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Bank holiday implications on an April to March holiday leave year

Bank holiday implications on an April to March holiday leave year.
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Peninsula Team, Peninsula Team

(Last updated )

For April to March leave years, depending on how the bank holidays fall, it can mean that in some years there is a bounty of bank holidays. But the knock-on effect is that in the following year there is a distinct lack. We explore what issues this can cause and if any action needs to be taken.

April to March leave years

Most employers operate an annual leave year that runs from January to December each year. However, this is not due to a legal requirement; employers can operate any annual leave year that best suits their business. Some, therefore, choose to operate an annual leave year of April to March, September to August or even based on an individual’s start date with the business (which can get complicated as the workforce grows). Most years, there are no issues with how this is managed. However, some anomalies do arise for employers who run an April to March holiday year, as it is possible for two Easter weekends to fall within the same annual leave year.

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Employers who run April to March holiday leave years can therefore end up with two Easters and two sets of Easter bank holidays in the same leave year, resulting in up to 10 bank holidays. This is known as the “fat” year. Other April to March leave years could contain no Easters, leaving only six bank holidays falling within the leave year. This is known as the “lean” year. Either way, the employer may be giving “too many” or “too few” days’ holiday per leave year, as there can be anywhere between six and 10 bank holidays in the year.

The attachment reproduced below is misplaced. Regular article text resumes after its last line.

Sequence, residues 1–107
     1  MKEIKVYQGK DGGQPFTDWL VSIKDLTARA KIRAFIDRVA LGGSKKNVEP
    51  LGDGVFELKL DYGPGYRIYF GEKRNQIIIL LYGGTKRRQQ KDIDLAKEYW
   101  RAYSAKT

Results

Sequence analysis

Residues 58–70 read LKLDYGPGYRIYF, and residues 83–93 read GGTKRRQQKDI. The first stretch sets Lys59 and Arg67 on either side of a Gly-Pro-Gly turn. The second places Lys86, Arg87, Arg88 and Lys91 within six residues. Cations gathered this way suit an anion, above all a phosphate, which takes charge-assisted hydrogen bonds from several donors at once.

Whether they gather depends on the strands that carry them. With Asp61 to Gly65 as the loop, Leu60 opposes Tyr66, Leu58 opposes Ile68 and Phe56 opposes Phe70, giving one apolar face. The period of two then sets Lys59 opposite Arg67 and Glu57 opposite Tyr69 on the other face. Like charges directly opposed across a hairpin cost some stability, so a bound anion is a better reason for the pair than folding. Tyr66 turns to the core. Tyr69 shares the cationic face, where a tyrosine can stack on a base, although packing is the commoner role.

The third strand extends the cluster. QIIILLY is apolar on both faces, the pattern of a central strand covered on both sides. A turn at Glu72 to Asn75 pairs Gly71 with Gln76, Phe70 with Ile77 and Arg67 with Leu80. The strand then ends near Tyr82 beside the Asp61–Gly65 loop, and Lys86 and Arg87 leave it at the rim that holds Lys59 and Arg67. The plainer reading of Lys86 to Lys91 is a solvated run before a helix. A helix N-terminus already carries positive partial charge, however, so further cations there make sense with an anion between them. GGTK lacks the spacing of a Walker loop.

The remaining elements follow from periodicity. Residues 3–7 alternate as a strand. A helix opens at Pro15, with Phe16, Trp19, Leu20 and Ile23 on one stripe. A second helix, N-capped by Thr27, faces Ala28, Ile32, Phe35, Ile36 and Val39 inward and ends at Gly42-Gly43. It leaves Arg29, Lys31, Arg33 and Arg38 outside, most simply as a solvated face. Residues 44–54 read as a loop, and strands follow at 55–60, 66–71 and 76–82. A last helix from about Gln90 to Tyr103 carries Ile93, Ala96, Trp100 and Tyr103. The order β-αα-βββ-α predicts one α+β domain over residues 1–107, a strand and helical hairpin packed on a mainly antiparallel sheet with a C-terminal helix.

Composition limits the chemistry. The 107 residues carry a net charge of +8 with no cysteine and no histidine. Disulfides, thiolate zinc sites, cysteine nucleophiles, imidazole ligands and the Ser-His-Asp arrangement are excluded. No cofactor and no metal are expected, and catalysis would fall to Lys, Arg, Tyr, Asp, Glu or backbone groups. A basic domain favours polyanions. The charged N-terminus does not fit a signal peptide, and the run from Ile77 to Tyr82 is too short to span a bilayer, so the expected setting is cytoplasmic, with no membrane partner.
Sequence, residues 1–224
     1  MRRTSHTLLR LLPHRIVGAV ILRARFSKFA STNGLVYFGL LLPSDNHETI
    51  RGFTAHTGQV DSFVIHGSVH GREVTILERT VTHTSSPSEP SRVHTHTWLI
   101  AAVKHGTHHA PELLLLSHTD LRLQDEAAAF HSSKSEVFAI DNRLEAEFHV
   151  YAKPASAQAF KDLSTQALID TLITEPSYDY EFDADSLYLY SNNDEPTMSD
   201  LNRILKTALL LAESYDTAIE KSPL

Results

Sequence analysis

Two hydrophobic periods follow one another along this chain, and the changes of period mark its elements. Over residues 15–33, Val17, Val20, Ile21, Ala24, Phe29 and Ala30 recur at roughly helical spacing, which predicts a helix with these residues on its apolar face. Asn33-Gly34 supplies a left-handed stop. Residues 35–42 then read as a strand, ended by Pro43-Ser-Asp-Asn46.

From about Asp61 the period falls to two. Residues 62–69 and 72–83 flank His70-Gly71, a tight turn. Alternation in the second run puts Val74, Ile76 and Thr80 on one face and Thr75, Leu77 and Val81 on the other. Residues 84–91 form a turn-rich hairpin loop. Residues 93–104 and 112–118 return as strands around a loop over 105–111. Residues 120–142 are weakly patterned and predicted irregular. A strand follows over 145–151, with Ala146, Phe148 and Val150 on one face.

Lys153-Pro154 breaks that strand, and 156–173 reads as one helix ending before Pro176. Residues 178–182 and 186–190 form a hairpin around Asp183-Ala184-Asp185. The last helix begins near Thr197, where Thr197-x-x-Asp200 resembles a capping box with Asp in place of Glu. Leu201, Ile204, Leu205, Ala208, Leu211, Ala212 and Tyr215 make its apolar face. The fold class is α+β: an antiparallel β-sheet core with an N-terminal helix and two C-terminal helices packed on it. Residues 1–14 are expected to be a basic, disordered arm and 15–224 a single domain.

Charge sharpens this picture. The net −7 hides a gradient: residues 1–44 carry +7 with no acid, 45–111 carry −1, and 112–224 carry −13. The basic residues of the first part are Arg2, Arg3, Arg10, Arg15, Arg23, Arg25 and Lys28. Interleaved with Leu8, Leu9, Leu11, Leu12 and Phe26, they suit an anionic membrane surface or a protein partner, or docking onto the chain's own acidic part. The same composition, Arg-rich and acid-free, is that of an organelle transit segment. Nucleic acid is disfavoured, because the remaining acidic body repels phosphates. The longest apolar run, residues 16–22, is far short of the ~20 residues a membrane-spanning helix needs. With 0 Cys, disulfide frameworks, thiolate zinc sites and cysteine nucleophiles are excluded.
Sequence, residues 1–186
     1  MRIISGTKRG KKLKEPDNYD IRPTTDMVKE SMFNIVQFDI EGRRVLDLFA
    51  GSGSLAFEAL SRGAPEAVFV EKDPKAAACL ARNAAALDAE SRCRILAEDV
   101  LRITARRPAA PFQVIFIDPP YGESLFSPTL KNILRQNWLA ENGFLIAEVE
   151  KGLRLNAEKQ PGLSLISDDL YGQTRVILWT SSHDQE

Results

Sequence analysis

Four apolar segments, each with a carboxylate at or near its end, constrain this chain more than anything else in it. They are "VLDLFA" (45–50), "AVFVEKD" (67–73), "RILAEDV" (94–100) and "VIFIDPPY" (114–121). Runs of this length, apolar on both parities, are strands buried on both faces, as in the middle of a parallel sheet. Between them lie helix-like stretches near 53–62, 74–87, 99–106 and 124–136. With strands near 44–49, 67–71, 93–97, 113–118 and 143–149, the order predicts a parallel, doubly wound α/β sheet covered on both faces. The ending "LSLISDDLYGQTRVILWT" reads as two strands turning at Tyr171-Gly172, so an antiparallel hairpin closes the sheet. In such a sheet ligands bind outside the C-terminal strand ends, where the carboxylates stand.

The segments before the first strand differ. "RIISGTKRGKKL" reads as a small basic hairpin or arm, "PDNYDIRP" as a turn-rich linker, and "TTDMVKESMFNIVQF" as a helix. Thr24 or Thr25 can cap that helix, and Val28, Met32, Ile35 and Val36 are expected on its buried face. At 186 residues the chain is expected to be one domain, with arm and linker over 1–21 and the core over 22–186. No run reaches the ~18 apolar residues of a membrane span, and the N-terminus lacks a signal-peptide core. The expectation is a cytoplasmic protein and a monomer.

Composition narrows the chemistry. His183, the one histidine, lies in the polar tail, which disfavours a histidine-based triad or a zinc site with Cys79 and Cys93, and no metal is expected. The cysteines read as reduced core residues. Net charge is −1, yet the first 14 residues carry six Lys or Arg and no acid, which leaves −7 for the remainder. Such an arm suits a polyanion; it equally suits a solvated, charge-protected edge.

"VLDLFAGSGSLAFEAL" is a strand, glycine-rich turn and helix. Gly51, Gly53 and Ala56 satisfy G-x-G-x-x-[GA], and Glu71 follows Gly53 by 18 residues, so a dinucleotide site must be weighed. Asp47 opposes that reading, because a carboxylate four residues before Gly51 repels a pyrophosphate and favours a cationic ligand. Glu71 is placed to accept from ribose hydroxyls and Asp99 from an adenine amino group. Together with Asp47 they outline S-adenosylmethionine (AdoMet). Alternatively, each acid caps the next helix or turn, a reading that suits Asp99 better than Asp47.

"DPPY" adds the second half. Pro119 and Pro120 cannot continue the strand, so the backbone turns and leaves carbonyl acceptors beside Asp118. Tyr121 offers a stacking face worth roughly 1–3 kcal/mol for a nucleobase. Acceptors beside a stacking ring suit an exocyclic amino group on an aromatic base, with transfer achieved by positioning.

In 2024, Good Friday – which is normally in April – falls on 29 March. So, for employees on an April to March leave year they get nine bank holidays in the leave year 2023/24, but only seven in 2024/25.

Action to take

The first port of call is to check the contract of employment to see what this says. If the contract states that the employees will be given eight bank holidays off in a year, you do not need to give the extra one in 2023/24. However, if you intend to close the business for the bank holiday on 29 March 2024, you will need to inform your employees in advance that they need to use one of their remaining holiday days to book the day off as annual leave.

Alternatively, if your contract is worded in such a way that employees are entitled to all bank holidays or specifies the days that are bank holidays, ie it specifies Good Friday as a day off, you will need to give it to them as a bank holiday in 2023/24; however, you will not then be required to give them an additional day in 2024/25.

It is important to note that if you only give your employees the minimum holiday entitlement (28 days or 5.6 weeks) then for the annual leave year 2024/25 you will need to ensure your employees are given at least the legal minimum to ensure you are not in breach of the Working Time Regulations 1998. For a full-time worker, seven days out of the 28 will be allocated in advance to the bank holidays, with the remaining 21 days for use at some other time.

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